Creator Brandon Stanton, Photo Courtesy of HumansofNewYork.com

Creator Brandon Stanton, Photo Courtesy of HumansofNewYork.com

Walking the streets of the city, you meet some very interesting people. Brandon Stanton is the mastermind and brilliant photographer behind Humans of New York. It is a unique portrait compilation that paints a story of the city. I thought I’d try my luck at attempting Stanton’s raw vision for Humans here in my hometown. As an homage to the cultural differences of Denver and NYC, I am in search of the people who make Denver what it is: business types, activists, musicians, kids, the outrageous and the simply exciting. Humans of Denver is dedicated to those people we look at every day but never truly see.

Stanton’s wildly popular website began in 2010 as a citywide “photo census.” It has turned into something much larger. Humans of New York’s first book publication is set for release on October 15th of this year. Stanton has effortlessly captured the spirit of New York City by going out into the world and interacting with people, asking to take their picture. Sometimes Stanton asks questions, sometimes just permission. People began to tell Stanton stories, heartwarming and inspiring quotations went along with the photos. Now, he is experiencing worldwide fame as his census continues to grow. Stanton gives back to New York as much as NY has given to him, earlier this year raising over $105,000 along with a donation of $25,000 from clothing mogul DKNY (in loo of a lawsuit) for the youth of his neighborhood YMCA.

I never realized how much courage it took to walk up to strangers on the street and ask to take a picture. No interest in small talk. Tell me your dreams, your fears, the best day of your life. And I’ll document it.

Seen on Colfax.

My first human was found outside of the Chance the Rapper & Mac Miller show at the Ogden on July 30th. The show was amazing– the fashion statements and people watching opportunities even better. I love the eclectic mix of punks, hip hop fans, old, to young (someone even talked the guards in to letting their 8 year old son into the 16+ show). Every walk of life in Denver came out.

I ran into three unreasonably fashionable men standing outside of the venue, smoking cigarettes. No wonder one of them, this gentleman I photographed, is a local fashion designer. Despite my unpreparedness I was drawn to the intensity of his look; the camouflage layered with bold print and sharp patterns, topped off with a fishing hat and tattoo. I asked what the tattoo symbolized and he told me it was a tribute to his Native American roots as a Chickasaw Indian out of Mississippi.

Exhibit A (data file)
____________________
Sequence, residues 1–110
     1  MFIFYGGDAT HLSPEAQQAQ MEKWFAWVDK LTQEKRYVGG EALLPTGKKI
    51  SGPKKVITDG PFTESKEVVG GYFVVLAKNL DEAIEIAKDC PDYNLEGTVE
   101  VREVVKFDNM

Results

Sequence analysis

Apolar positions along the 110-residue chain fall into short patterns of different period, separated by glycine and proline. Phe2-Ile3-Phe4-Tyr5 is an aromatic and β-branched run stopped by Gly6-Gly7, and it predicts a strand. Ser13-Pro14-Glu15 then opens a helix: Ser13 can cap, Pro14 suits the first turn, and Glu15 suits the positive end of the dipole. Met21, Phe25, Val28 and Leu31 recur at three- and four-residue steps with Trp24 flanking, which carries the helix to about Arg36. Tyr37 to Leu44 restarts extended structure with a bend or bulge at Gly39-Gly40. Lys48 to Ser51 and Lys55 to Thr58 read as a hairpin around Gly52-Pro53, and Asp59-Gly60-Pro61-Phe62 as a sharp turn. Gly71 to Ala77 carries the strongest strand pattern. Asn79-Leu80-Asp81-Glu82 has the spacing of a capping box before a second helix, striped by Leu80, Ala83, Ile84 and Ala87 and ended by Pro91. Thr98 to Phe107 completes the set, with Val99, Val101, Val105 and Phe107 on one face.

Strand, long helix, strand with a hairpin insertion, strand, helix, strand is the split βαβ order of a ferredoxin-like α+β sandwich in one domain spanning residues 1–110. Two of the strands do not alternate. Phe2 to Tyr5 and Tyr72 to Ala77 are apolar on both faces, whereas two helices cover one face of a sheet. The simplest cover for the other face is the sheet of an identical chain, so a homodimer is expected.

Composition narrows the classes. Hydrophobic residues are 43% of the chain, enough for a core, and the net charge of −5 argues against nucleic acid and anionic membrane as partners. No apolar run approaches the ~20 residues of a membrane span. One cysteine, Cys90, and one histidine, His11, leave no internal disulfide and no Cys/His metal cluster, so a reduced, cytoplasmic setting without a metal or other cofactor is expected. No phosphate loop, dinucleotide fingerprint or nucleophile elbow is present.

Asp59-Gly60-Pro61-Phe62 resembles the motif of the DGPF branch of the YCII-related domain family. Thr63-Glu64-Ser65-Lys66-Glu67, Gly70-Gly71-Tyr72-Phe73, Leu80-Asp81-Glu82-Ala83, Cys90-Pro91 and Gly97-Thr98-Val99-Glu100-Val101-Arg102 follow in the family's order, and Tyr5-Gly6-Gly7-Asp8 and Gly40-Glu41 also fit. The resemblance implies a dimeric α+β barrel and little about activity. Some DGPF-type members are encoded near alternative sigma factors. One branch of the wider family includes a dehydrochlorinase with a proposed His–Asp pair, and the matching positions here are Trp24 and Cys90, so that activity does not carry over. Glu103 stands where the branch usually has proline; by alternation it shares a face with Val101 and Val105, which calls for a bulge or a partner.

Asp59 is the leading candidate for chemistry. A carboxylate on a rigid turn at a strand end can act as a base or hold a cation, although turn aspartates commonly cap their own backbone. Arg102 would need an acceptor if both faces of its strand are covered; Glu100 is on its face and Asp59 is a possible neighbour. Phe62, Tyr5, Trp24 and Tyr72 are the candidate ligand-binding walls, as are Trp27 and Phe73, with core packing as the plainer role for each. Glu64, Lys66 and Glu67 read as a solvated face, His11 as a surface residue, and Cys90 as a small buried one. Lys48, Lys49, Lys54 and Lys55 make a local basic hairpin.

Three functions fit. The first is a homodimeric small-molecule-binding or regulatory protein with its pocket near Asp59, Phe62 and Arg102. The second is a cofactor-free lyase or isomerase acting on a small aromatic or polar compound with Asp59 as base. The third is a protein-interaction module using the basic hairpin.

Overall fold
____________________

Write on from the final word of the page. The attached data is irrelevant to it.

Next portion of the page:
Seen on Colfax

“You look like I could drop you anywhere in the world and you would fit in. Why aren’t you in New York City?”

“Denver is the new New York.”

Seen at Cheeseman Park.

This lovely human was asking for signatures on a petition for the non-profit organization Friends Of Denver Parks. A huge park advocate, I obliged. She donned pins, beaded jewelry, crafted necklaces that were a tip-of-the-hat to the first annual Cheeseman Art Festival we were attending. We started talking because of a necklace my sister was wearing. It was a black and white compass that she found at an antique store and then put on a chain. The compass reminded my new acquaintance that we are on the brink of a bizarre, steam-punk, Neo-Victorian renaissance. We ended up talking for about 20 minutes.

Seen at Cheeseman Park

See, it’s a balancing act of technology and imagination, and the shift of our collective consciousness. The steam punks mimicked the Neo-Victorian era, which was this perspective of industrialization mixed with post-apocalyptic fiction. But there was a tipping point. I see it happening again. The ideologies are coming full circle.

Seen at Cheeseman Park

My little sister, Molly, is another human of Denver. While I will almost always remain anonymous with names, I have to make an exception for her. She’s the lead singer of local no-coast surf punk band Sauna and wears a compass necklace. That same compass turned out to be a brilliant conversation starter as it sparked the Neo-Victorian discussion above.

Molly, Seen at Cheeseman Park

My dentist said he could fix the gap in my teeth. I said don’t fix what isn’t broken.

In my own small way, I want Denver to accumulate a photo census as tribute to Stanton’s Humans. Join the conversation by searching the hashtag #HumansofDenver on Instagram and check out Humans of Denver each Wednesday on 303 Magazine. Be sure to look for the book release of Brandon Stanton’s Humans of New York and follow his awe-inspiring documentation of the big apple on Facebook.